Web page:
I’ve never really spent much time looking at the bricks inlaid on the path that runs past the Li Ka Shing Center, but yesterday morning I snapped pictures of the following words while on break between lectures. I was trying to catch an impression that I wanted to write about without exactly knowing what it was, but today I think I know.
It came together after reading from the Harvard Business Review.
I hadn’t realized how breathtakingly relevant pieces from this journal could be to my training in medicine. As part of my Managing Difficult Conversations class, however, I was reading through an article in the HBR this morning when the following sentences jumped off the page and into my lap like an oversized tabby cat:
“Not all practice makes perfect. You need a particular kind of practice—deliberate practice—to develop expertise. When most people practice, they focus on the things they already know how to do. Deliberate practice is different. It entails considerable, specific, and sustained efforts to do something you can’t do well—or even at all.”
This was particularly relevant because, just yesterday, I was mulling over how I am hesitant to do some parts of the physical exam when working with actual patients. The parts where I’m not yet confident of my skills.
Certain things I’ve practiced enough to feel mostly comfortable with—for example, placing the stethoscope in the four positions on the chest wall to listen to the heart. And some things are straightforward enough that they are no longer intimidating. I am confident while feeling for the rush of blood through the carotid arteries, listening for bowel sounds, or examining the extremities for edema.
Other things leave me feeling like I’m approaching a forest with mist swirling about my feet. How exactly do I test strength and reflexes in a patient who is unable to leave the hospital bed? Is that really the thyroid gland I’m feeling…or should I ask them to swallow one more time as I feel for the subtle slide of lobes beneath the skin? What if I forget to test one of the cranial nerves while doing the neurological exam? What if I don’t feel something that is there, or if I think I feel something there that isn’t?
What if I mess up?
For me, our Practicum sessions this quarter have brought some of these anxieties to the forefront of my consciousness. In Practicum, we spend an afternoon in the hospital every other week, and during this time we each meet with an assigned patient to gather their history and perform parts of the physical exam. After the history and physical, we join our preceptor and present our patient’s case in (what is hopefully) a concise, organized manner. All this comes together to prepare us for when we start our clinical rotations, and it is an invaluable opportunity to gain actual experience in the hospital setting.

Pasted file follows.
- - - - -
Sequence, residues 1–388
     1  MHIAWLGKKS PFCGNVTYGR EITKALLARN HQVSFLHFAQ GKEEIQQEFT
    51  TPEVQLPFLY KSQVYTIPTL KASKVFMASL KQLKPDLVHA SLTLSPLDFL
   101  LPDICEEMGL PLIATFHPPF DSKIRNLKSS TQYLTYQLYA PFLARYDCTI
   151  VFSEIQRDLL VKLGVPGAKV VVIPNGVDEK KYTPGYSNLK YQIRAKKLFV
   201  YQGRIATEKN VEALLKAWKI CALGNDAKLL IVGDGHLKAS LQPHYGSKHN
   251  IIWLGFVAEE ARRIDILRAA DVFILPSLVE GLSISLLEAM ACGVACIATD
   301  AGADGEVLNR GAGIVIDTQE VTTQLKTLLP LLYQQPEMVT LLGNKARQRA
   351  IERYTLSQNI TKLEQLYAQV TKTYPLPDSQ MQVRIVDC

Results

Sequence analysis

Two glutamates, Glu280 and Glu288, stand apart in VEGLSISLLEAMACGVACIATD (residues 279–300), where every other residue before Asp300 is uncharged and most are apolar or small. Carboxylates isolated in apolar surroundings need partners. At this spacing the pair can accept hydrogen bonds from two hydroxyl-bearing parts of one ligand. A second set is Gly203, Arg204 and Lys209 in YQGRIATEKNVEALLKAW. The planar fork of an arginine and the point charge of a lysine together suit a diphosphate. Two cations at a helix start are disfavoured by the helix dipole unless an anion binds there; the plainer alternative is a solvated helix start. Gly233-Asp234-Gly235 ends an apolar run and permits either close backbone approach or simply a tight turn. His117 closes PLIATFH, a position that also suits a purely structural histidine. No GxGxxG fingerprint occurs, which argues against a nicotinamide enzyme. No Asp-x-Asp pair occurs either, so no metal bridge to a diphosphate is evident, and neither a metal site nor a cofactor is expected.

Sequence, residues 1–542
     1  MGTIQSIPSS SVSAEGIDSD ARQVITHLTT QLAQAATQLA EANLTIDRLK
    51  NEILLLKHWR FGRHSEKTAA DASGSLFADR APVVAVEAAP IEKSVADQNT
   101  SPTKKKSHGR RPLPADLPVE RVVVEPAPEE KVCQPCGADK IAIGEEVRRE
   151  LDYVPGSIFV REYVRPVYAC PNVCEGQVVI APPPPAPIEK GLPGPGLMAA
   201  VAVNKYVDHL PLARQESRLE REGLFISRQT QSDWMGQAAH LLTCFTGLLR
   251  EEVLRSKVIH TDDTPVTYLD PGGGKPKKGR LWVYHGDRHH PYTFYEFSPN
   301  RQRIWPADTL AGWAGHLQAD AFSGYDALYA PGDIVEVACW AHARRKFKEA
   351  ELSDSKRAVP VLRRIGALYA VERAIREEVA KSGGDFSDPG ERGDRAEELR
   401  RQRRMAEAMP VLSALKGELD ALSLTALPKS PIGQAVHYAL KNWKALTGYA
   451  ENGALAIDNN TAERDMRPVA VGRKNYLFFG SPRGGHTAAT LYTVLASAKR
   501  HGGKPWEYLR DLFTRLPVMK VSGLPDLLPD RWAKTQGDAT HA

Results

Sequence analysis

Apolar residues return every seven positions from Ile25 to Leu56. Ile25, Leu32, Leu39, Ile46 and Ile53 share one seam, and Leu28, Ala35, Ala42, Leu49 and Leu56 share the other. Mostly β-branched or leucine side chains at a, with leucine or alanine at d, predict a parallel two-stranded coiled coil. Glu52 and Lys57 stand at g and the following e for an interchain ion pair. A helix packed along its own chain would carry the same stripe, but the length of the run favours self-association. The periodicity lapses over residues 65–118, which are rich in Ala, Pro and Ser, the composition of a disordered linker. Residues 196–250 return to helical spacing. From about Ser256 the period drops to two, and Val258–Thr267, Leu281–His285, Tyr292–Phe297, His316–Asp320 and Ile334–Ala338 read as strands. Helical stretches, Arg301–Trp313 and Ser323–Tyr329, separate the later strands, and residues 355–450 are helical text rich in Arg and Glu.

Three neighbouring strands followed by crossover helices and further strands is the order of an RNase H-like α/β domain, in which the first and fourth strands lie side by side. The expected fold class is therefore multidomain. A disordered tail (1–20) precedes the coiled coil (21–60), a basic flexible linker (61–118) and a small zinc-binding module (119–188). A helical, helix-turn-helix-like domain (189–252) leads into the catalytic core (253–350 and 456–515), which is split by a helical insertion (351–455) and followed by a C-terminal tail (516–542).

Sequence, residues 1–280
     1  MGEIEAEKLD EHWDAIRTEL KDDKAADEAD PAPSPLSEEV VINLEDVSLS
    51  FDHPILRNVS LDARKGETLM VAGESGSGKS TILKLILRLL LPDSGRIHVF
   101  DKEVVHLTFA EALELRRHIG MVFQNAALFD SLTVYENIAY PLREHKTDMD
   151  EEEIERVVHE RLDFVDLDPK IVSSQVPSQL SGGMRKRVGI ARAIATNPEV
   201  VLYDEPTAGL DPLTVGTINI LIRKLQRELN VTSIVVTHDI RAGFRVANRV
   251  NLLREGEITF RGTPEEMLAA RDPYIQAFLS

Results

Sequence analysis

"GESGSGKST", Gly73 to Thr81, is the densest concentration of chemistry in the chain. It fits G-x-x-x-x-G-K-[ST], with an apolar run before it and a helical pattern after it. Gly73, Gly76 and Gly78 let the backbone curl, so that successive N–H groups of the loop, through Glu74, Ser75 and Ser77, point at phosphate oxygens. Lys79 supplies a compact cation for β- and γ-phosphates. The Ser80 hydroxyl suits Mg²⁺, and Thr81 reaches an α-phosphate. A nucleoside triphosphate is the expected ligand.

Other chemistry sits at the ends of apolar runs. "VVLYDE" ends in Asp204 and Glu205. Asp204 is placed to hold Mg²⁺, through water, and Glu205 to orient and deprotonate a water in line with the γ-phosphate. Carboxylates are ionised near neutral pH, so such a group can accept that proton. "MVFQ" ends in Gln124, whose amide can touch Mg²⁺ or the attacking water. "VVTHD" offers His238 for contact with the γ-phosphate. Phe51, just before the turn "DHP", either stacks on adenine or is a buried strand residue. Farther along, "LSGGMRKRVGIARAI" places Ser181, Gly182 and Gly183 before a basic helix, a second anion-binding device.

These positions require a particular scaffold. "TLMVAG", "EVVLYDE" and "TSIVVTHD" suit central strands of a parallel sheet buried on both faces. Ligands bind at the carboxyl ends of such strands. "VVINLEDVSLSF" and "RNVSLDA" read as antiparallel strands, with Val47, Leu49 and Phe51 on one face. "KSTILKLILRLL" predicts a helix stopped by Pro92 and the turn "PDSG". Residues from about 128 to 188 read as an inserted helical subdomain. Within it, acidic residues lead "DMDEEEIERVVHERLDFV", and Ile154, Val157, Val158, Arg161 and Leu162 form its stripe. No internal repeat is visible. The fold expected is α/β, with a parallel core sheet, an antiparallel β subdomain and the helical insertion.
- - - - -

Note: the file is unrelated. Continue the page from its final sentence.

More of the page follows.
As I reflect on my own performance, however, I realize that my times of practice aren’t fully yielding the dividends I seek. This isn’t a fault of the sessions–Practicum gives me all the opportunities I need. Since a good portion of my time is spent alone with my patient, I am the one who decides which questions to ask and which physical exam maneuvers to perform. And as a student, I have the rare gift of time to do so.
But I have been drawn towards the things I already know how to do fairly well. I have the human love of discovery, but I also very much have the human love of competence. It’s uncomfortable pushing myself out onto the tight wire that spans the cliffs between what I am and what I can become.
As I read on, one other sentence in the HBR article caught my attention. It especially stood out since we’ve been receiving coaching on how to improve the cohesiveness, clarity and delivery of our oral presentations in Practicum:
“Bear in mind that even Winston Churchill, one of the most charismatic figures of the twentieth century, practiced his oratory style in front of a mirror.”
It’s awkward to do so, perhaps, but this echoes what I’ve told about improving my presentation delivery by practicing out loud on my own. More than any other time since starting medical school, I’m sensing that the way forward is through focused, intentional practice above and beyond what I would normally do in my sessions. I need this deliberate practice–the sort of practice that drives me into the realms where I am not skilled, past all the whispering shadows of fears that would try to keep me out.
By embracing the discomfort of what I can’t do well, I will be in position to move forward in the way I need and want to. I know who I am and who I have been; I am not one to back down in the face of challenges. But somehow, my journey as a medical student is revealing vulnerabilities that have laid latent within my soul.
That’s okay, though. As I talk with some of my classmates about these areas, I find that I’m not alone in how I feel. We all have our own uncertainties, hopes, visions and vulnerabilities, and although on individual journeys, we’re still in this together.
I’m excited to see how far we’ll all have come a few years from now! And since I’ve realized how to engage in deliberate practice, I’m not as afraid of falling short of my vision of who I want to be as a third- and fourth-year medical student. I have a plan moving forward, and I believe I can actually get there.
I really do.